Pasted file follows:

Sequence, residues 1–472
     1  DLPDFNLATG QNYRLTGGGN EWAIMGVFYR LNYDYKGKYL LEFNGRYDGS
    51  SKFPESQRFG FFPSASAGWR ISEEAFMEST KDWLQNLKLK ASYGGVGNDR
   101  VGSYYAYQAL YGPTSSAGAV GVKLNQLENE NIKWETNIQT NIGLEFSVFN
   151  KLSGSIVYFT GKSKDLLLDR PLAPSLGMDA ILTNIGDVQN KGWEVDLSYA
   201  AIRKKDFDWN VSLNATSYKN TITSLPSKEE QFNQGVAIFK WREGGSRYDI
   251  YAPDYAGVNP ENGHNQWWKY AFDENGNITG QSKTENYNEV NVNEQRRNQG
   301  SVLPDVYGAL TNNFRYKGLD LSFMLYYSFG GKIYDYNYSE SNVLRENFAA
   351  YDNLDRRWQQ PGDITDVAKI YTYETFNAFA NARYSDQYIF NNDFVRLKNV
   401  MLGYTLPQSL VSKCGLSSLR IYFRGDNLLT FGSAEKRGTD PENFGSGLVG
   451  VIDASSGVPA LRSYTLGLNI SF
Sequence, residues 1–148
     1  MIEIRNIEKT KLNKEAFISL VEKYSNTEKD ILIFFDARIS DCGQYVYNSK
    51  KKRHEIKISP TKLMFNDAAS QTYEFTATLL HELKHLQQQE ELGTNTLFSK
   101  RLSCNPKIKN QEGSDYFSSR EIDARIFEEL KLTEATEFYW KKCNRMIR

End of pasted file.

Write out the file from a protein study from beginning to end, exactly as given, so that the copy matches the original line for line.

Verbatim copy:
Sequence, residues 1–472
     1  DLPDFNLATG QNYRLTGGGN EWAIMGVFYR LNYDYKGKYL LEFNGRYDGS
    51  SKFPESQRFG FFPSASAGWR ISEEAFMEST KDWLQNLKLK ASYGGVGNDR
   101  VGSYYAYQAL YGPTSSAGAV GVKLNQLENE NIKWETNIQT NIGLEFSVFN
   151  KLSGSIVYFT GKSKDLLLDR PLAPSLGMDA ILTNIGDVQN KGWEVDLSYA
   201  AIRKKDFDWN VSLNATSYKN TITSLPSKEE QFNQGVAIFK WREGGSRYDI
   251  YAPDYAGVNP ENGHNQWWKY AFDENGNITG QSKTENYNEV NVNEQRRNQG
   301  SVLPDVYGAL TNNFRYKGLD LSFMLYYSFG GKIYDYNYSE SNVLRENFAA
   351  YDNLDRRWQQ PGDITDVAKI YTYETFNAFA NARYSDQYIF NNDFVRLKNV
   401  MLGYTLPQSL VSKCGLSSLR IYFRGDNLLT FGSAEKRGTD PENFGSGLVG
   451  VIDASSGVPA LRSYTLGLNI SF
Sequence, residues 1–148
     1  MIEIRNIEKT KLNKEAFISL VEKYSNTEKD ILIFFDARIS DCGQYVYNSK
    51  KKRHEIKISP TKLMFNDAAS QTYEFTATLL HELKHLQQQE ELGTNTLFSK
   101  RLSCNPKIKN QEGSDYFSSR EIDARIFEEL KLTEATEFYW KKCNRMIR